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Integrated Rural Development and Nature Conservation

 
 

Pioneering African Community Conservation

Integrated Rural Development and Nature Conservation (IRDNC) is one of Africa’s most accomplished conservation organizations. Starting in the 1980s, IRDNC pioneered new approaches of working with rural communities in Namibia to protect rhinos and elephants. A decade later, that provided a key foundation for policy and legal reforms that established communal conservancies. Since then, IRDNC has played a lead role, working with NACSO and other Namibian and international partners, to support the growth and development of conservancies across much of Namibia.

IRDNC is the lead facilitator of communal conservancies and related natural resource management initiatives in both the desert landscapes of northwestern Namibia, and the floodplains and woodlands of northeastern Namibia. The latter area, which lies adjacent to Botswana’s Okavango Delta, makes up a key component of the Kavango-Zambezi Transfrontier Conservation Area (KAZA), a vast landscape spanning five countries and dozens of state, private, and community conservation areas. KAZA is home to perhaps one-third of all the elephants in Africa, and conservancies and surrounding lands in Namibia, where IRDNC’s Zambezi Region program is based, play a central role in enabling elephants and other wildlife to migrate across this landscape.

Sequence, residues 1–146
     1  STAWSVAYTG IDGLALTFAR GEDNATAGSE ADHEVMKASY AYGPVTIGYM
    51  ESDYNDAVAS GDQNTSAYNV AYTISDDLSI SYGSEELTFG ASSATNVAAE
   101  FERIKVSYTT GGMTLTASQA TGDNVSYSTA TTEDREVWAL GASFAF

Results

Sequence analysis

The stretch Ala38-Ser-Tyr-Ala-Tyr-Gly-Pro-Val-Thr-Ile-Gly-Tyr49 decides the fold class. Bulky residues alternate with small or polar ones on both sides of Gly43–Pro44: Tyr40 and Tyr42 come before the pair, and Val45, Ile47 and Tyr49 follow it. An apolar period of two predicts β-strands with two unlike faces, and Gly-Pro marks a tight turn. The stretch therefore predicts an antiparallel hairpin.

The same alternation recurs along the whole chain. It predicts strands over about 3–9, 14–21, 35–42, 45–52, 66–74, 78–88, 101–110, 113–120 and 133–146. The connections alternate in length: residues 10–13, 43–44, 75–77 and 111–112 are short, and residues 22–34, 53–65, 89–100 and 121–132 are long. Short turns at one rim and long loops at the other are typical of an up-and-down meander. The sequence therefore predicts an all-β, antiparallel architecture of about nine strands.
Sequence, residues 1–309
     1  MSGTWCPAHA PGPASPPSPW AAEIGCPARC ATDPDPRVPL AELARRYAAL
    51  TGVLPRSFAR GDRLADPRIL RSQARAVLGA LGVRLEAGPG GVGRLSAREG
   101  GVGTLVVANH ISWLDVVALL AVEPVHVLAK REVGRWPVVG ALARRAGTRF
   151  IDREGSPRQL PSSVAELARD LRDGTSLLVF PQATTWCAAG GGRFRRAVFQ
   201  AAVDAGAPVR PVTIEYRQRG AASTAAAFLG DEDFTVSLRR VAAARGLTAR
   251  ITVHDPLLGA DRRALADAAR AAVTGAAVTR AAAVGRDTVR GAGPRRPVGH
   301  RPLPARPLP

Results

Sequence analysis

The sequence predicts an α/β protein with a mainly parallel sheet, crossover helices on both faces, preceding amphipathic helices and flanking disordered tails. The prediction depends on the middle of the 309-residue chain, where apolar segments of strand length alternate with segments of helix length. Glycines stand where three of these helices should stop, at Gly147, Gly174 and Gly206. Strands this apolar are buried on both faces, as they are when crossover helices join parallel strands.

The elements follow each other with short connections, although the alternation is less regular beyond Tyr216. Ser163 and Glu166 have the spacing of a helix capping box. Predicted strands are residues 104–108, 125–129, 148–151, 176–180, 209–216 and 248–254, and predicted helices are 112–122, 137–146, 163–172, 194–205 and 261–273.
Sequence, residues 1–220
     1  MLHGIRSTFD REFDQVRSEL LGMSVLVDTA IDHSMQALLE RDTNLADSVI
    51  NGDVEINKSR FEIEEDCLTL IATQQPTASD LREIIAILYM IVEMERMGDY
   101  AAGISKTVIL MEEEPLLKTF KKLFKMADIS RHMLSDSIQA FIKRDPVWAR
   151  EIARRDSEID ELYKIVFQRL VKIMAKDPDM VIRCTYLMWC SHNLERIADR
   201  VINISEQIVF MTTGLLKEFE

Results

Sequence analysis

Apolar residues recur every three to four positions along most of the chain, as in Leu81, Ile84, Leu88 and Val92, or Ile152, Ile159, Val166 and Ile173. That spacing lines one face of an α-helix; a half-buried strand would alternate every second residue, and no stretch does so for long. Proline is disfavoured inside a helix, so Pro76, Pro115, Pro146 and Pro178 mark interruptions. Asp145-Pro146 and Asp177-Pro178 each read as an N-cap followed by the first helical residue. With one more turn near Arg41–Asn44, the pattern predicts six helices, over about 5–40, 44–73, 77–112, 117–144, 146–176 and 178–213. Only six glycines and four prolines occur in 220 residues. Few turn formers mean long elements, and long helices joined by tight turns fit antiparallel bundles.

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58,827 km²

Area of IRDNC-supported conservancies


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$472,000

Income earned in 2017 by over 1,000 community members, mostly women, in nine conservancies in northeast Namibia though IRDNC’s indigenous plants program. These sustainably harvested plants (pic-tured on right) are used to make cosmetics, lotions, and other natural products that are sold in Namibia and internationally.

 

Restoring Lions through Community Conservation

The spread of conservancies in northwest Namibia since the mid-1990s, when they were largely confined to Etosha National Park, is a strong example of how conservancies have contributed to wildlife recoveries. Lion numbers have grown from about 25 in this region, to over 150, as a result of the recovery of prey species, growth of wildlife tourism, and improved protection of wildlife.

-Source: NACSO. 2016. The state of community conservation in Namibia - a review of communal conservancies, community forests and other CBNRM initiatives (2016 Annual Report). NACSO, Windhoek.


 
  Source: WWF-Mwambao-Sea Sense Blast Monitoring Network

Source: WWF-Mwambao-Sea Sense Blast Monitoring Network